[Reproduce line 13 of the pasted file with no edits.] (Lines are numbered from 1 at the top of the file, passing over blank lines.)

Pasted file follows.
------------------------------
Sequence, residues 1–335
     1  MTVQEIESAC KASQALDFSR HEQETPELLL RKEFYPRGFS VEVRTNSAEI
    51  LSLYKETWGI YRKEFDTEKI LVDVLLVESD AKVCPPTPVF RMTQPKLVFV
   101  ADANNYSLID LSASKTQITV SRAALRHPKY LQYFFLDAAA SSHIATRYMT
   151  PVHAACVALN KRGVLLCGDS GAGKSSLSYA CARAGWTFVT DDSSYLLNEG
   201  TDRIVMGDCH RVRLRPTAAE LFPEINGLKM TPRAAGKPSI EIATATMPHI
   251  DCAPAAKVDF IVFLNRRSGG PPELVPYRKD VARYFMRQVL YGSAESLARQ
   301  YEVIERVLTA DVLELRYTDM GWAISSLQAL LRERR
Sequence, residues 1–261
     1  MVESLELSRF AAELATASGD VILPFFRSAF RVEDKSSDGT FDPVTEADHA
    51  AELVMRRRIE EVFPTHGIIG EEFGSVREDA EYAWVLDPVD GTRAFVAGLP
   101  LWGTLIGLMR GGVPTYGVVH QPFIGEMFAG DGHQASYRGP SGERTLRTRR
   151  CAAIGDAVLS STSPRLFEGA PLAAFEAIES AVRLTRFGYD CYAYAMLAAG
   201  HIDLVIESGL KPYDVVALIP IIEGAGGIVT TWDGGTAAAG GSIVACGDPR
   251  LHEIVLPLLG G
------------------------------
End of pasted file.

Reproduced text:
   151  CAAIGDAVLS STSPRLFEGA PLAAFEAIES AVRLTRFGYD CYAYAMLAAG